Friday, January 12, 2024

We Must Never Forget Them


The Israelites' Cruel Bondage in Egypt, Illustration from the 1728 Figures de la Bible; illustrated by Gerard Hoet (1648–1733) and others, and published by P. de Hondt in The Hague; image courtesy Bizzell Bible Collection

One could call this the Gettysburg Address of the Exodus. At the beginning of Parshat Vaera, God speaks to Moses and assures him that slavery is about to come to an end:


Therefore say to the children of Israel: ‘I am the Lord; I will bring you out from under the burdens of the Egyptians, I will rescue you from their bondage, and I will redeem you with an outstretched arm and with great judgments. I will take you as My people, and I will be your God. Then you shall know that I am the Lord your God who brings you out from under the burdens of the Egyptians. And I will bring you into the land which I swore to give to Abraham, Isaac, and Jacob; and I will give it to you as a heritage... (Exodus 6:6-8.)


In just a few sentences, the Torah gives us an overview of the full process of redemption; not just an escape from slavery, but the creation of a new nation with a homeland of their own. The Talmud refers to the first four verbs in this section (bring out, rescue, redeem, and take) as the “four languages of redemption”; And to this day, the four cups of wine at Passover Seder are in celebration of these words.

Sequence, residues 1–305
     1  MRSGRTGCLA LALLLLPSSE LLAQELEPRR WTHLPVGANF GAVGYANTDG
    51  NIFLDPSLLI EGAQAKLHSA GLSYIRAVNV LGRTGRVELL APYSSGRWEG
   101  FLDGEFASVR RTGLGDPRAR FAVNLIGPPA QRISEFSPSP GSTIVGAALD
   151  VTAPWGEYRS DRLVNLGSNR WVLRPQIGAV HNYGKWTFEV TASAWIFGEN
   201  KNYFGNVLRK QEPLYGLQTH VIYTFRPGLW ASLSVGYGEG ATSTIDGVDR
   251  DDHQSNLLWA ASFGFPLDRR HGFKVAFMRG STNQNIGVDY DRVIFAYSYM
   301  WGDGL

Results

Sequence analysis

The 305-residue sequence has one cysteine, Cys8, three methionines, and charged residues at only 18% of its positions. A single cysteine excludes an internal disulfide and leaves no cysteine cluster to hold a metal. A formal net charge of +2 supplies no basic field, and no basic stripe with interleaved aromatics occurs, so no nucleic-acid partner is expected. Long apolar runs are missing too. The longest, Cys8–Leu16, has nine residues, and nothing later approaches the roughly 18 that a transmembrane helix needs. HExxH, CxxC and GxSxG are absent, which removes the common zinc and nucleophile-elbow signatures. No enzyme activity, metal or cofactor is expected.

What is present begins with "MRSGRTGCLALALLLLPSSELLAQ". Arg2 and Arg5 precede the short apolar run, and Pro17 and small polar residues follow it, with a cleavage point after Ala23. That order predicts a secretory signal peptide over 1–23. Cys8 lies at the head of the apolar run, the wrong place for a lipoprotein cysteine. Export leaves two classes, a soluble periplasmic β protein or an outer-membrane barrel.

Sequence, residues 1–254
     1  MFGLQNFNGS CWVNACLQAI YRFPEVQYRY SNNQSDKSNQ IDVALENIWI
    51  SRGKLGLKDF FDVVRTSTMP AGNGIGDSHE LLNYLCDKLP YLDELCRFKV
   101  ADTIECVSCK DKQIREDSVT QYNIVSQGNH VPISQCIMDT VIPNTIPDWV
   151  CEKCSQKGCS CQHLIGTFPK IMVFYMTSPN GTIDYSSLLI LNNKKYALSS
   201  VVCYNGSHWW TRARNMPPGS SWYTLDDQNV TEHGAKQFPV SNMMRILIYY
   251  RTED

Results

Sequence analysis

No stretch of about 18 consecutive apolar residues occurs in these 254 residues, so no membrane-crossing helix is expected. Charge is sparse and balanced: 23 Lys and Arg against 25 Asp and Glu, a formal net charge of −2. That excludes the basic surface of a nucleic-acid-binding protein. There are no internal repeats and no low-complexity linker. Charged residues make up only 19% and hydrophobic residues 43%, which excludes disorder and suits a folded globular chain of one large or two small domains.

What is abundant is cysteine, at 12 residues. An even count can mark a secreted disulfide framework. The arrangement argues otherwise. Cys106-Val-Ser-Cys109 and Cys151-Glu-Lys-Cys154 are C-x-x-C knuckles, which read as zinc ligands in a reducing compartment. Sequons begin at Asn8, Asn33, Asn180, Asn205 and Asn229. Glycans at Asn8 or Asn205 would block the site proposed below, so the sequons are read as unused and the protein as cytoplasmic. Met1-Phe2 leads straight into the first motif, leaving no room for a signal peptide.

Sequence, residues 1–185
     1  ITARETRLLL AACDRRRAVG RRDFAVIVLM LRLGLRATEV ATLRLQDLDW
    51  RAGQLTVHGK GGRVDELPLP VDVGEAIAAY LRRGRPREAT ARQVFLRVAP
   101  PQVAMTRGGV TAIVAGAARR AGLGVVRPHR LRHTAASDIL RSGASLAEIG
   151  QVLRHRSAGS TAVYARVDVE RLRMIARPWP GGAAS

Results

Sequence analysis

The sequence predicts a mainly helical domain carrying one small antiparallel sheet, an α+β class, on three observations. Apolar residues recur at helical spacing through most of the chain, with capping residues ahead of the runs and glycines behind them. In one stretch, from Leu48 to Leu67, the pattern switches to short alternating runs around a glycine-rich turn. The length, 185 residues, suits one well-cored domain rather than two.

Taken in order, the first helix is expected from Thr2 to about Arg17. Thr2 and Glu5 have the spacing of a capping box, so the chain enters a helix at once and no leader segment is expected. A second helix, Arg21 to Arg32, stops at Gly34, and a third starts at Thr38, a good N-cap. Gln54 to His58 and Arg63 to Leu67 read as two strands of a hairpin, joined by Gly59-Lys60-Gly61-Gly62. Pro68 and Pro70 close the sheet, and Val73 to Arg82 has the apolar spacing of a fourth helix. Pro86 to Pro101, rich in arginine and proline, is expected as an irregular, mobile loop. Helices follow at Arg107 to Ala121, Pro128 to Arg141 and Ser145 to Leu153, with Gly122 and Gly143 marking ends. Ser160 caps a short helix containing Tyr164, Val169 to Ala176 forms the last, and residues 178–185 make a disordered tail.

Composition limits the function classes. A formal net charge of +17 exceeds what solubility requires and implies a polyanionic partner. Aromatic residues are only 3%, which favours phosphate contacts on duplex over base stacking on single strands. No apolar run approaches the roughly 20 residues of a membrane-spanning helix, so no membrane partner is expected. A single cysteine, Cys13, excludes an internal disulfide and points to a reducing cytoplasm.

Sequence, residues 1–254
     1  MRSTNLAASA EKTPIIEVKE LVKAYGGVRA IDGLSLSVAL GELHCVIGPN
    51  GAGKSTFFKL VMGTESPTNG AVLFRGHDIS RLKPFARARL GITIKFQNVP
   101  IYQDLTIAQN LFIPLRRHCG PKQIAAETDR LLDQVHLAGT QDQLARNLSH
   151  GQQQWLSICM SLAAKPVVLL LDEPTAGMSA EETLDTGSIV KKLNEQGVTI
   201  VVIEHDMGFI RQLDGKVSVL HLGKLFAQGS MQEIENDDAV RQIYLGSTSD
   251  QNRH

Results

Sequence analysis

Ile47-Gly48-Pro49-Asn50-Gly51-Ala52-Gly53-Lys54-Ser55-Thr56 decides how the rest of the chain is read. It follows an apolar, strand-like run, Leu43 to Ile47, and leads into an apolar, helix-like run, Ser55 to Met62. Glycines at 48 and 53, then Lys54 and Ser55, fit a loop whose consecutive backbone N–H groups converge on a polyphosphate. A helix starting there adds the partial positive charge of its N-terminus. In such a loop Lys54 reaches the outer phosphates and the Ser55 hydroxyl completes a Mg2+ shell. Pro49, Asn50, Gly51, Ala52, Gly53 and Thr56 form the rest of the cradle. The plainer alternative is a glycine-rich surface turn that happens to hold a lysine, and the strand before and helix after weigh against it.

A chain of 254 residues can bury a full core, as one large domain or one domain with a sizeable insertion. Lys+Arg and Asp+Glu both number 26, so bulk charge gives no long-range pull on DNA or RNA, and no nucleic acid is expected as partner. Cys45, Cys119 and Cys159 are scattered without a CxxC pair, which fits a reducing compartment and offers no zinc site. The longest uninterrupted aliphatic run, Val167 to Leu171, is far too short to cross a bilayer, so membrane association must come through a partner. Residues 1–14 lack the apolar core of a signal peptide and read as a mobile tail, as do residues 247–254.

The parsha begins with this speech, most probably in order to begin on a high point. But it also begins mid-conversation, which strips it of context. God’s words are actually a response to an angry challenge by Moses; after his initial petition to Pharaoh backfires, and causes even greater pain to the slaves, Moses turns to God and says: “Lord, why have you done such evil to this nation? Why is it that You have sent me?”


Moses’ words border on the sacrilegious. Indeed, several commentaries criticize Moses for this. Rashi says that God, in his response, subtly rebukes Moses for his complaint; one Midrash says Moses was later punished for challenging God, and not allowed to enter Israel.  


Yet the simple reading of God’s response is that He takes Moses' challenge seriously; that is why God offers such a thorough and detailed reply. Moses is speaking on behalf of those who are oppressed and downtrodden, and even if he speaks with chutzpah, he does so out of love for his Jewish brothers and sisters.